I think that's enough to make the case that the sunsets were terrible policy unless one takes the view that tax cuts should generally be enabled and budget rules evaded. That might be a plausible stance if (a) the tax cuts had been financed, (b) there was no long-term fiscal gap, and (c) there was no particular reason to think Congress errs in the direction of enacting unfinanced policies that create a long-term fiscal gap. But for any of those points to hold, we would have to travel to an alternative Bizarro Universe (albeit, a better one than ours).
The delayed implementation rules in 2001 and 2003, none of which made any sense substantively, were also budgetary gamesmanship, meant to create much bigger tax cuts than the budget agreements (or legislative understandings) about their permissible 10-year cost would otherwise allow. Delayed implementation makes a further mockery of 10-year budget windows, by causing them to be much less representative than otherwise of the true size over time of the new programs being enacted. This was exploited once again with the Medicare prescription drug benefit, a wholly unfinanced $20 trillion entitlement (that being its infinite horizon cost as subsequently estimated) that supposedly cost only $350 billion (?) over 10 years due to extremely delayed start-up, solely to game this number, plus dishonest squelching by the Bush Administration of revised estimates showing that it was costlier even inside the window.
Is the Obama Administration doing the same thing now with delayed implementation of the healthcare plan? Presumably so, but I confess to not knowing the details here, plus it is supposedly financed over the long term.
My main takeaways from thinking about all these issues were as follows. First, there really is no substitute for infinite horizon budget forecasting that disregards claimed future tax increases or benefit cuts that are discontinuous (i.e., not being phased in gradually within the short term) and not otherwise entirely credible. Second, such forecasting would have to be used in relatively binding budget rules to make any difference. These would have to be independently estimated, non-waivable, and would have to use a combination of mandatory adjustment rules to move back towards balance and/or super-majority rules. (Though note that super-majority rules only help in this setting if you have today's hyper-partisanship - in other situations they can simply lead to bigger and costlier logrolls.) Third, none of this is going to happen.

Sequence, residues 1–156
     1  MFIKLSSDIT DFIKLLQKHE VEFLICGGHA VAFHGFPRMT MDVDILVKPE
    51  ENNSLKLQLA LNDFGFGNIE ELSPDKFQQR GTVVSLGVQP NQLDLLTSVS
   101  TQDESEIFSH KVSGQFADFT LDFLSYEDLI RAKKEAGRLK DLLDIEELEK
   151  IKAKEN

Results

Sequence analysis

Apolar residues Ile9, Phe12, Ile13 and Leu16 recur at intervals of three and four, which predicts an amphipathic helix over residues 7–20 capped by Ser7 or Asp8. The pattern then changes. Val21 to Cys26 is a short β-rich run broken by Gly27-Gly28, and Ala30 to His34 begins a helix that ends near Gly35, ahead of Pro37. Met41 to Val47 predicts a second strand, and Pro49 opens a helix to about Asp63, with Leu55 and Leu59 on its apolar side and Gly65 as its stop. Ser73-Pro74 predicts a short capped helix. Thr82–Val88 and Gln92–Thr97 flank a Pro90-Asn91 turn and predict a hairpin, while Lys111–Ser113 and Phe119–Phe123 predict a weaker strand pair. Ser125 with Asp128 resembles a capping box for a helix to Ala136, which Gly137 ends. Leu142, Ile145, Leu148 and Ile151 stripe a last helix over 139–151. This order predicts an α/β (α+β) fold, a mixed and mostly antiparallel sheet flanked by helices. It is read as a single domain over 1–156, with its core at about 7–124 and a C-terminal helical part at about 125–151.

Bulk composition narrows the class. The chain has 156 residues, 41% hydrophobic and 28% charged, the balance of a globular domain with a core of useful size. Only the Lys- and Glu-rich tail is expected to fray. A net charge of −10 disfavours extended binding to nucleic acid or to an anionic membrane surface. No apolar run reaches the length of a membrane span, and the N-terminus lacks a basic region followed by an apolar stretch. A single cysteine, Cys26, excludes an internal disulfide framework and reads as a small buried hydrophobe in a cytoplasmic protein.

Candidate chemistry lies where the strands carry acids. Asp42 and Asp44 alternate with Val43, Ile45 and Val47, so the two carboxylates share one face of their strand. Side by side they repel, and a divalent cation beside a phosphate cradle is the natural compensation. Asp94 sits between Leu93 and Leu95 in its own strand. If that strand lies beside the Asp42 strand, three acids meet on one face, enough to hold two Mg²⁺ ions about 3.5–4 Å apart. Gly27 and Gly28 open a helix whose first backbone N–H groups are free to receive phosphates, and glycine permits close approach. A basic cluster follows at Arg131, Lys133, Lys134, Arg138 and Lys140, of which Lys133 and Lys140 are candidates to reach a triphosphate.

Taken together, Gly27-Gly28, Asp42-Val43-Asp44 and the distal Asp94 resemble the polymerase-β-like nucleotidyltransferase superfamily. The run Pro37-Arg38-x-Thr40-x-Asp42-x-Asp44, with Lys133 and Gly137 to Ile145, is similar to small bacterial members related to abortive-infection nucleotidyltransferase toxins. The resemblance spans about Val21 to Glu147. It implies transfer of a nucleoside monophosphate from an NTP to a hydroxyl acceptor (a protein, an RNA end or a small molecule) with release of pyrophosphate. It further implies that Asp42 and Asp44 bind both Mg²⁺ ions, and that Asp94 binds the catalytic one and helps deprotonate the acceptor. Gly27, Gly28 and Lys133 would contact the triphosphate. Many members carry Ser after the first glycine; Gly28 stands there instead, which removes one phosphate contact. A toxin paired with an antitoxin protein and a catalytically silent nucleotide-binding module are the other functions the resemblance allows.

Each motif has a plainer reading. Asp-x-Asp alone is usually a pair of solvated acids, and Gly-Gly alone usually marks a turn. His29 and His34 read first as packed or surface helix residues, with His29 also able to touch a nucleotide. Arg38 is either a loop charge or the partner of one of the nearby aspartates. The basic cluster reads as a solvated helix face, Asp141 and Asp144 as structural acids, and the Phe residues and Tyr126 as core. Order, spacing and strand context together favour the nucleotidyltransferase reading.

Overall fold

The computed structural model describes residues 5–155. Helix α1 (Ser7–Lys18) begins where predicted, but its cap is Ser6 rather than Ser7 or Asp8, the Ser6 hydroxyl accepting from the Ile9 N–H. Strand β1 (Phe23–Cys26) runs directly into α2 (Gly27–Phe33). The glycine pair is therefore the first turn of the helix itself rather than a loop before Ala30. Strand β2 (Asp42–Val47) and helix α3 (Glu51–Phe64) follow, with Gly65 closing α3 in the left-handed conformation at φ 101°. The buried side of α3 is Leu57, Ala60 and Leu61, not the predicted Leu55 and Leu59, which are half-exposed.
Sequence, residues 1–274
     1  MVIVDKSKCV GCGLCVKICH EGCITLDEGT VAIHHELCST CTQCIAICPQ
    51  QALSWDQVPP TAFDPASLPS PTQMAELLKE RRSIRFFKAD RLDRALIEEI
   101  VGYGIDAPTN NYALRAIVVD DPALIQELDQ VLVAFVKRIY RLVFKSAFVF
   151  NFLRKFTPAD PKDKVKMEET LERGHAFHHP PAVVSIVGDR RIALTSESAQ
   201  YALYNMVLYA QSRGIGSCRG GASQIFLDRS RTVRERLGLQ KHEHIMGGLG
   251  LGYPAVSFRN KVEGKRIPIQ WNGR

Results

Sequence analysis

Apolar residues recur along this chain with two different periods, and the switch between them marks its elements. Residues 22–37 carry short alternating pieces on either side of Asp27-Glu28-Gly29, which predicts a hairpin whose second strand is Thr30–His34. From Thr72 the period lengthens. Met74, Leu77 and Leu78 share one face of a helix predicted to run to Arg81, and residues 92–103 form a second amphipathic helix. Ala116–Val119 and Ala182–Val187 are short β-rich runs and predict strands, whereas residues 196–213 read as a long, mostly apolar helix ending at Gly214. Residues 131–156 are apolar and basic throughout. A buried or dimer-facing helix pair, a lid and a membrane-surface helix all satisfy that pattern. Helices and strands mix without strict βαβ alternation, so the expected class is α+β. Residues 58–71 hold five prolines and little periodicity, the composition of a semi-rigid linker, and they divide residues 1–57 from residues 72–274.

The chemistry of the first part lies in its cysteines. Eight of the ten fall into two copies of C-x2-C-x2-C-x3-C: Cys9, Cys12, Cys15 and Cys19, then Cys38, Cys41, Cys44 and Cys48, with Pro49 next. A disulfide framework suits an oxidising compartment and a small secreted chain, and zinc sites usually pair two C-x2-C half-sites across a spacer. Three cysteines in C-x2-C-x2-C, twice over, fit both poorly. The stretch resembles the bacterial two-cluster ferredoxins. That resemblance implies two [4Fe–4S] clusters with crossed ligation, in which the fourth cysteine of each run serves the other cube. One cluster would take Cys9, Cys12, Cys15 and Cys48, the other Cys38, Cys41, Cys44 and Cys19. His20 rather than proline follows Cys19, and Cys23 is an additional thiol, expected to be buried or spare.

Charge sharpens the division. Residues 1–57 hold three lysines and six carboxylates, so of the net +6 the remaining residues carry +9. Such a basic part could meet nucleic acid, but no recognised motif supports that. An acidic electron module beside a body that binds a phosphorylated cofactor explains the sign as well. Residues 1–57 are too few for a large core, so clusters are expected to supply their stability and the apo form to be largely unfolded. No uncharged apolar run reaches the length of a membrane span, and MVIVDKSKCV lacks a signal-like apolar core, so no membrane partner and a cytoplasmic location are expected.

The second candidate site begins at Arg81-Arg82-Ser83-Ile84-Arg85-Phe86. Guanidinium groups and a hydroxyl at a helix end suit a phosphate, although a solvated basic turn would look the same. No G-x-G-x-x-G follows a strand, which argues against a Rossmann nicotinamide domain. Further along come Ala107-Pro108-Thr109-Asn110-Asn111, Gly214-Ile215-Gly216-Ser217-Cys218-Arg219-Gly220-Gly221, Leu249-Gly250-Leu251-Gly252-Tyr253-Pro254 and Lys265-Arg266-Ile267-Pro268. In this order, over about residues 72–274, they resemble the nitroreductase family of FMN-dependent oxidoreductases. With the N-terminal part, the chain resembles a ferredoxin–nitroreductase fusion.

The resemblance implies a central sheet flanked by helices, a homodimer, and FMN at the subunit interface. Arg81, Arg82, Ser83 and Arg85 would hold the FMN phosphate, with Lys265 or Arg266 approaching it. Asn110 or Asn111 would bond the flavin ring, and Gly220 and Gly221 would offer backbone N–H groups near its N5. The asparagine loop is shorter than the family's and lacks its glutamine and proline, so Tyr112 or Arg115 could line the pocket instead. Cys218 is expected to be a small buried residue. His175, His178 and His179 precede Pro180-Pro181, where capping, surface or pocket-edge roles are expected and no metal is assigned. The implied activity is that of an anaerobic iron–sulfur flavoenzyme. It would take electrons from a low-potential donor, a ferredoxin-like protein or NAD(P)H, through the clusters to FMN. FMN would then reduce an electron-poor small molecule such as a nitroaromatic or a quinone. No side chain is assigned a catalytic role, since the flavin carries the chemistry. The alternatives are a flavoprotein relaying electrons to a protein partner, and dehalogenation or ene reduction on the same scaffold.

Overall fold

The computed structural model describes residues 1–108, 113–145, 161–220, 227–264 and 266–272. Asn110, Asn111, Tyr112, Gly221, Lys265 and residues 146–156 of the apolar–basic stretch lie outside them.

Why do I support super-majority rules for making increases to the fiscal gap harder to enact but not for, say, healthcare? The only difference is whether one wants to systematically discourage a particular type of legislation. I see a pathology in the form of increasing the fiscal gap through non-sustainable policies. An argument that this reasoning applies as well to "big" legislation generally - if applied symmetrically to Democratic and Republican initiatives - could only be rebutted by challenging that particular application of the discouragement principle - not by reference to majority rule versus requiring a larger consensus as such.